This American food hero has had a significant impact on British shopping and eating habits but only since the 1950s when domestic freezers became more common.
Clarence Birdseye (1886-1956) was born New York and studied biology at Amherst College in Massachusetts. For this story what is important is that between 1912 and 1916 he was working in Labrador, Newfoundland, a place at the top Eastern edge of Canada which gets extremely cold.His field journals from this period are held in the archives of Amherst College and reveal how he learnt about freezing food. In Newfoundland he saw how the Inuit used the freezing conditions to preserve fresh fish and meat. The arctic cold meant that things froze extremely fast and he concluded that it was the rapid freezing that meant the food tasted good months later. Clarence thought he could make money out of this knowledge.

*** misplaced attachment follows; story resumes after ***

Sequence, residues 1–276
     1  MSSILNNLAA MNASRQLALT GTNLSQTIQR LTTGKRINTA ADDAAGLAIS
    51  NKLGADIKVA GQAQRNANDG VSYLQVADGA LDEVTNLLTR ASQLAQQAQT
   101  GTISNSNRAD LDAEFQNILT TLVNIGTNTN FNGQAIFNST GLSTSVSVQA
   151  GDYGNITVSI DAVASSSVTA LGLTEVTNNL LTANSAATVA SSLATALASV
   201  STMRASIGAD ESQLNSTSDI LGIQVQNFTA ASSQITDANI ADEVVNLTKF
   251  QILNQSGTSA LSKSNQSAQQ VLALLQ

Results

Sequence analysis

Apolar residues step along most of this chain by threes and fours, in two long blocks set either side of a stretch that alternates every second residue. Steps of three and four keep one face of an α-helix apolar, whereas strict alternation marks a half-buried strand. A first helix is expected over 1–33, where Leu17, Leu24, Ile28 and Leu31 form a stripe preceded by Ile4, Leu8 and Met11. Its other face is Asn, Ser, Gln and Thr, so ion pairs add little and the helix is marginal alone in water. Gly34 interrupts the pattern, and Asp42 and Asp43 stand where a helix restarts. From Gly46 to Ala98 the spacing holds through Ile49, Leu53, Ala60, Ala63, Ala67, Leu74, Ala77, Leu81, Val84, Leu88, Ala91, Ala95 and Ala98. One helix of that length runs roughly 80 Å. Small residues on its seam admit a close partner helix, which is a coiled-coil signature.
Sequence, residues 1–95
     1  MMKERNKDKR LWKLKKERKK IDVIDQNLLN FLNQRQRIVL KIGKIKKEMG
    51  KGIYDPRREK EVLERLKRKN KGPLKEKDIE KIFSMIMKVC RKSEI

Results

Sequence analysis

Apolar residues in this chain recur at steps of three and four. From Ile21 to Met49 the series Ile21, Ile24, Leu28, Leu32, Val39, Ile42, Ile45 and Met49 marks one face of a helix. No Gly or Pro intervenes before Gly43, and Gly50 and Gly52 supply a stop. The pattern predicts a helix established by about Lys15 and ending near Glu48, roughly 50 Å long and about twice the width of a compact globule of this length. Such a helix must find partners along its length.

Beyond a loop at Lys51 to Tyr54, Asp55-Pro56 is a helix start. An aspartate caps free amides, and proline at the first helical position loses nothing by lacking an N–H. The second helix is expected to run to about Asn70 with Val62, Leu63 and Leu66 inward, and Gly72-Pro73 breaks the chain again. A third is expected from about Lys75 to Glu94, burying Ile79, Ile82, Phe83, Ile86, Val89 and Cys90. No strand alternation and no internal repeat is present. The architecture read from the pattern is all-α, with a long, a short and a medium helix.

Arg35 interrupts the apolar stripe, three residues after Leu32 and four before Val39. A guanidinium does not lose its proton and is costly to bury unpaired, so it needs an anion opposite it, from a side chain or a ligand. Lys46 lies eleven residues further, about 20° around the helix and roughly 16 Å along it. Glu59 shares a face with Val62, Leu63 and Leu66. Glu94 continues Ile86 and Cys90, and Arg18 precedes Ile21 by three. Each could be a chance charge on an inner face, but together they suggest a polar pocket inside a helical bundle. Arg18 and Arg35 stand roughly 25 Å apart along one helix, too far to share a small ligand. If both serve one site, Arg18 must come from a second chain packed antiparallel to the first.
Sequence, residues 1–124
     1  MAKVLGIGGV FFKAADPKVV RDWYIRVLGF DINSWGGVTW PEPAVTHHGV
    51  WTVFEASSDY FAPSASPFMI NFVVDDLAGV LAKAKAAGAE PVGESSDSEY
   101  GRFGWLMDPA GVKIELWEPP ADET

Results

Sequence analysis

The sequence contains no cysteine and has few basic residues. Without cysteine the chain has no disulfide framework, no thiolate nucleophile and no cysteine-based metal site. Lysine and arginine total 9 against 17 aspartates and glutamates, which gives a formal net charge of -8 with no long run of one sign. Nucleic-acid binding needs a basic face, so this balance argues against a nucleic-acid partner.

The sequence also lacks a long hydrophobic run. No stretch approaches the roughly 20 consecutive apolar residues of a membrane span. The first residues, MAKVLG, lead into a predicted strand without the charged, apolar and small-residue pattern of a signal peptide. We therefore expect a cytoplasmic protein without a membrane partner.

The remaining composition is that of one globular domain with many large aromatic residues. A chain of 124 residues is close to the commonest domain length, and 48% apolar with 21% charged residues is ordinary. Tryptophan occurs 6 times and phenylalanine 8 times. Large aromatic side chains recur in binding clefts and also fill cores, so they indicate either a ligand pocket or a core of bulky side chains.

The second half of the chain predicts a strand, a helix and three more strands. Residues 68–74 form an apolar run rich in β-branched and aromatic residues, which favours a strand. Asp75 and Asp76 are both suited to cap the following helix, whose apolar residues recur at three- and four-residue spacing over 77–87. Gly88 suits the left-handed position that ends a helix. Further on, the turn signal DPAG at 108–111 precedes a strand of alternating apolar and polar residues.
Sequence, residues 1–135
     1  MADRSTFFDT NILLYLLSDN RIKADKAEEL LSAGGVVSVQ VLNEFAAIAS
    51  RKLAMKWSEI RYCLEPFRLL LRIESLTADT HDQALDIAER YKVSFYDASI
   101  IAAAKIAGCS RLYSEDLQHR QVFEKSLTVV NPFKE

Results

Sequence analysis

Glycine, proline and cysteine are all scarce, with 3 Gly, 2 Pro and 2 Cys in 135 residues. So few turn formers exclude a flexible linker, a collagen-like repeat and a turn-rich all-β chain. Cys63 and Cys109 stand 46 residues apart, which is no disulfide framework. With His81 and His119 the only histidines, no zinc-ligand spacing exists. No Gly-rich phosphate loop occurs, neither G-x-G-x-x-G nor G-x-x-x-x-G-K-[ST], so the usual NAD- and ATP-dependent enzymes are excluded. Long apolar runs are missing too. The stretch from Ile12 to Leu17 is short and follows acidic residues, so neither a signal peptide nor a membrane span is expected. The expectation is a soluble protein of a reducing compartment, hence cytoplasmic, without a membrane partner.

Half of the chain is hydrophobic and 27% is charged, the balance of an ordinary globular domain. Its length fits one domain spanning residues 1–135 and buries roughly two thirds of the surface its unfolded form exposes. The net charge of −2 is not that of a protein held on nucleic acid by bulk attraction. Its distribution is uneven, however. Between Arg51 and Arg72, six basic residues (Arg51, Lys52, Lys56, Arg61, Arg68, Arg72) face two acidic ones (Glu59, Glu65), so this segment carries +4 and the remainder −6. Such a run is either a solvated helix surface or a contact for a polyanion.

In the early 1920s he began experimenting with frozen fish. At this time there were plenty of other people working on freezing technology but two things made Clarence’s efforts stand out. First he developed a machine that could freeze food quickly, which gave the ice-crystals less time to grow and meant that the food was in better condition when it was defrosted. Second, he packaged the frozen food into small waxed boxes, which were attractive to buyers. This boosted the commercial success of Clarence’s frozen foods. In 1929 he sold his firm and his patents, to organisations which later became the General Foods Corporation. He continued to be involved, as a corporate executive until the late 1930s and his name lives on in the company brand.